CG Top Poster Club
- Nov 9, 2008
- Reaction score
Results from trials involving three different coronavirus vaccines released, all showing positive results, with evidence the vaccines can produce immune responses that would be expected to protect people against infection.
They all also appeared to be safe, although it will take studies with more people to show how safe they really are and whether they can prevent infection.
Early results of a closely watched Phase 1/2 trial published in The Lancet suggest a coronavirus vaccine developed by the University of Oxford and AstraZeneca is safe and induces an immune response. However, researchers stressed more study is needed to know whether the vaccine protects people against the virus.
Phase 2 results for one vaccine candidate made by Chinese company CanSino Biologics were also published in the medical journal The Lancet and early results from Phase 1/2 trials of the vaccine made by Pfizer and BioNTech were released in a pre-print paper that has not yet been peer-reviewed.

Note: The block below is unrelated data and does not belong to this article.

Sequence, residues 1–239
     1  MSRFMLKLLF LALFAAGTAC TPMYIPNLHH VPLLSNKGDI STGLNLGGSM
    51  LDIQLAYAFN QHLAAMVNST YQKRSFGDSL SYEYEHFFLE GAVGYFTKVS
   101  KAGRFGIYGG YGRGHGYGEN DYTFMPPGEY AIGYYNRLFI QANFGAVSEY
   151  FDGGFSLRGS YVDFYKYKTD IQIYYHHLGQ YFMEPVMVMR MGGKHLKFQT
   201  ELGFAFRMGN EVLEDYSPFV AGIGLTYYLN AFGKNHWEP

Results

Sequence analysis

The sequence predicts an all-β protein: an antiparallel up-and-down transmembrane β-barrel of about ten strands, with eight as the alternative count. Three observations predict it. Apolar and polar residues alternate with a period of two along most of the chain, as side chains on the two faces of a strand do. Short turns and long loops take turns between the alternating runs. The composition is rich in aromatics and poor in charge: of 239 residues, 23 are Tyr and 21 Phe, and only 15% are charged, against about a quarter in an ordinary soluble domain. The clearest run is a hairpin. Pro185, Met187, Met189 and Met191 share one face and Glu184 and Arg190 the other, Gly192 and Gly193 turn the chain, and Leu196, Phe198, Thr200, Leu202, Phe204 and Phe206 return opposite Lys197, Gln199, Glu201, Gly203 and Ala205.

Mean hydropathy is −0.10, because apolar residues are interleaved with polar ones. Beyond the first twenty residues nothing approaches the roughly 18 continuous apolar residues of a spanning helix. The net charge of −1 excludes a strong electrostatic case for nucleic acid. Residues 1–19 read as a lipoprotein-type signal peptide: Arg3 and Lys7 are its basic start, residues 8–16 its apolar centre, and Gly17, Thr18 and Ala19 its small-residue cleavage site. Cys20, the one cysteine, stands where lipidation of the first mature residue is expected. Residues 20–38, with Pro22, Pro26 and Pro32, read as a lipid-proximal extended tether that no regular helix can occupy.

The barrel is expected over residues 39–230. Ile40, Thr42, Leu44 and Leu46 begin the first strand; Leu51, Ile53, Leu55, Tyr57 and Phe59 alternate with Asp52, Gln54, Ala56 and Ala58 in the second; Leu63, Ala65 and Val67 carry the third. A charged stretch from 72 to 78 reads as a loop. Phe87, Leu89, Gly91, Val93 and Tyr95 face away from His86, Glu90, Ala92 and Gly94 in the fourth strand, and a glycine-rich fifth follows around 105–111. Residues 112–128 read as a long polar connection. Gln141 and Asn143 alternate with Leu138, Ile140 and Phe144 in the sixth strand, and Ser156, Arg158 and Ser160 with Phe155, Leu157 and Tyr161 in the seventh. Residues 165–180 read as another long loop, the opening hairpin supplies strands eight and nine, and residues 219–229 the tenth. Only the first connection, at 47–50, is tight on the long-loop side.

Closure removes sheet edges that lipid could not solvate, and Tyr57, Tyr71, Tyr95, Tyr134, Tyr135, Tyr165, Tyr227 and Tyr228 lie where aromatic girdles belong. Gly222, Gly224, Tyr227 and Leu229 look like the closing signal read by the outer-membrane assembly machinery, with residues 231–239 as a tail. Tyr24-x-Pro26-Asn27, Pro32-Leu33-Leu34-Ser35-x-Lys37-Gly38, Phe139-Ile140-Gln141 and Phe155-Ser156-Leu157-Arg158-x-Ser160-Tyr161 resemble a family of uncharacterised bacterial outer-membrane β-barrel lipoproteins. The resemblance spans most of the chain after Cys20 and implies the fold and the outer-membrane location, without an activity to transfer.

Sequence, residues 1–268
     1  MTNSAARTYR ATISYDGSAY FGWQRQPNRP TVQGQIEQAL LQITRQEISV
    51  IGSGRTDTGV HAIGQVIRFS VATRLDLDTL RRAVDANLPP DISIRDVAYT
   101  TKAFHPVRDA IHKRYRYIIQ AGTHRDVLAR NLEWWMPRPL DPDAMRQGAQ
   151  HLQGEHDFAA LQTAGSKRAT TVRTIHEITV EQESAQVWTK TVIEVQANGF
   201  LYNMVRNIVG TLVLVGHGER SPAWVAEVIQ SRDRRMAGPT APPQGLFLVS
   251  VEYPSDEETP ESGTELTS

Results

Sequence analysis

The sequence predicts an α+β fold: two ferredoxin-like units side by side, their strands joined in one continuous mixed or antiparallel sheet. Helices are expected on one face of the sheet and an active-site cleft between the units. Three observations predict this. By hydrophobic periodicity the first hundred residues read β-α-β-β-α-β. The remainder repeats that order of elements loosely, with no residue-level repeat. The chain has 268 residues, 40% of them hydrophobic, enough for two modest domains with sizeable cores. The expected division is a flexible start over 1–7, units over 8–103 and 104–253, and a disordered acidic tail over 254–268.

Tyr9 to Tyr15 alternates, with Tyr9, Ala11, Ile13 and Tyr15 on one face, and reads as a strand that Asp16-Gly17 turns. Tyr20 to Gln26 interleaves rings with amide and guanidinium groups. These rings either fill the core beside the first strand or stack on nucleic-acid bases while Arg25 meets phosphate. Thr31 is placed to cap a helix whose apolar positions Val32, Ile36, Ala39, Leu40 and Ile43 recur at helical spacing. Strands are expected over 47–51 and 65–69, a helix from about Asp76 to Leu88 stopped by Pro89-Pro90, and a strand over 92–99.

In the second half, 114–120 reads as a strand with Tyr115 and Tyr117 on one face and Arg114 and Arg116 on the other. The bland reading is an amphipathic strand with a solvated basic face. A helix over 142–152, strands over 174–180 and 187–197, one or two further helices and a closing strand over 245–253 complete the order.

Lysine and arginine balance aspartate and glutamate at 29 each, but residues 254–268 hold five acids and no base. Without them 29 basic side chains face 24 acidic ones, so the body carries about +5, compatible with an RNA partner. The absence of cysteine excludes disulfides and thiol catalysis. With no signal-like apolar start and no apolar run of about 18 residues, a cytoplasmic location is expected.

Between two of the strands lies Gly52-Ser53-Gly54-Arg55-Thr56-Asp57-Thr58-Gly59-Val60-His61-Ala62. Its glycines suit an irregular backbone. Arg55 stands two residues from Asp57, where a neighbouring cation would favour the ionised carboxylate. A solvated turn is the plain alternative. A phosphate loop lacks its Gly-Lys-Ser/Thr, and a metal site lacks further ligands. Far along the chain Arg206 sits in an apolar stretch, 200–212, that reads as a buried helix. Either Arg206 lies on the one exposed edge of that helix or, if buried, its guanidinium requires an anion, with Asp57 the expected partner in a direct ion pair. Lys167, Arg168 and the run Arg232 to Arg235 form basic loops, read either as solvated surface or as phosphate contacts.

The Oxford vaccine prompted an antibody response within 28 days and a T-cell response within 14 days, according to the results published Monday. Neutralizing antibodies -- so-called because they can neutralize the virus -- were detected in most participants after one shot, and in all of them after two.
That's good news, researchers said. "The immune system has two ways of finding and attacking pathogens -- antibody and T cell responses. This vaccine is intended to induce both, so it can attack the virus when it's circulating in the body, as well as attacking infected cells," University of Oxford pediatrician Dr. Andrew Pollard, the study's lead author, said in a statement.
"We hope this means the immune system will remember the virus, so that our vaccine will protect people for an extended period. However, we need more research before we can confirm the vaccine effectively protects against SARS-CoV-2 infection, and for how long any protection lasts."
It's also not clear how well the vaccine would perform in older people who are more at risk of severe disease from Covid-19.